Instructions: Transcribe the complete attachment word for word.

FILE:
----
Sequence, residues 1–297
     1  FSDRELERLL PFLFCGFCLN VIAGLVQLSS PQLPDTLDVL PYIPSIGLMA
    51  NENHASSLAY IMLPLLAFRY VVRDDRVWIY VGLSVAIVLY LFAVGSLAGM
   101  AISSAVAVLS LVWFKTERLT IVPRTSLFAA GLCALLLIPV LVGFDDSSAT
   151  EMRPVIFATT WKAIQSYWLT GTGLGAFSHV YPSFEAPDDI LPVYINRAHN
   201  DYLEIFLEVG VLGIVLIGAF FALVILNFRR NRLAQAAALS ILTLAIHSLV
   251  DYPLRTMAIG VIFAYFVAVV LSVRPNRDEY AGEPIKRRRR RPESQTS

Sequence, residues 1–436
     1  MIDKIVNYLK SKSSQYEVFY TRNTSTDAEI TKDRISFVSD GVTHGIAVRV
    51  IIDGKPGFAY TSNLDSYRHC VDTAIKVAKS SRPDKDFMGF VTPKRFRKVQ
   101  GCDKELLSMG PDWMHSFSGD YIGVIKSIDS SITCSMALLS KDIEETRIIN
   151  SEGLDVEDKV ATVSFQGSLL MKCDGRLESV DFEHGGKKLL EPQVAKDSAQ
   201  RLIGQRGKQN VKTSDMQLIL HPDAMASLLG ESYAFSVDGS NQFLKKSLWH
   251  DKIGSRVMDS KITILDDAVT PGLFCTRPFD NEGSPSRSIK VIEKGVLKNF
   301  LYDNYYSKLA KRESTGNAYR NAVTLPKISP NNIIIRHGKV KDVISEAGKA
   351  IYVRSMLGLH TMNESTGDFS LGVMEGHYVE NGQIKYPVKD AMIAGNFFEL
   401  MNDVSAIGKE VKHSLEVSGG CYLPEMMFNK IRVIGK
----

Sequence, residues 1–297
     1  FSDRELERLL PFLFCGFCLN VIAGLVQLSS PQLPDTLDVL PYIPSIGLMA
    51  NENHASSLAY IMLPLLAFRY VVRDDRVWIY VGLSVAIVLY LFAVGSLAGM
   101  AISSAVAVLS LVWFKTERLT IVPRTSLFAA GLCALLLIPV LVGFDDSSAT
   151  EMRPVIFATT WKAIQSYWLT GTGLGAFSHV YPSFEAPDDI LPVYINRAHN
   201  DYLEIFLEVG VLGIVLIGAF FALVILNFRR NRLAQAAALS ILTLAIHSLV
   251  DYPLRTMAIG VIFAYFVAVV LSVRPNRDEY AGEPIKRRRR RPESQTS

Sequence, residues 1–436
     1  MIDKIVNYLK SKSSQYEVFY TRNTSTDAEI TKDRISFVSD GVTHGIAVRV
    51  IIDGKPGFAY TSNLDSYRHC VDTAIKVAKS SRPDKDFMGF VTPKRFRKVQ
   101  GCDKELLSMG PDWMHSFSGD YIGVIKSIDS SITCSMALLS KDIEETRIIN
   151  SEGLDVEDKV ATVSFQGSLL MKCDGRLESV DFEHGGKKLL EPQVAKDSAQ
   201  RLIGQRGKQN VKTSDMQLIL HPDAMASLLG ESYAFSVDGS NQFLKKSLWH
   251  DKIGSRVMDS KITILDDAVT PGLFCTRPFD NEGSPSRSIK VIEKGVLKNF
   301  LYDNYYSKLA KRESTGNAYR NAVTLPKISP NNIIIRHGKV KDVISEAGKA
   351  IYVRSMLGLH TMNESTGDFS LGVMEGHYVE NGQIKYPVKD AMIAGNFFEL
   401  MNDVSAIGKE VKHSLEVSGG CYLPEMMFNK IRVIGK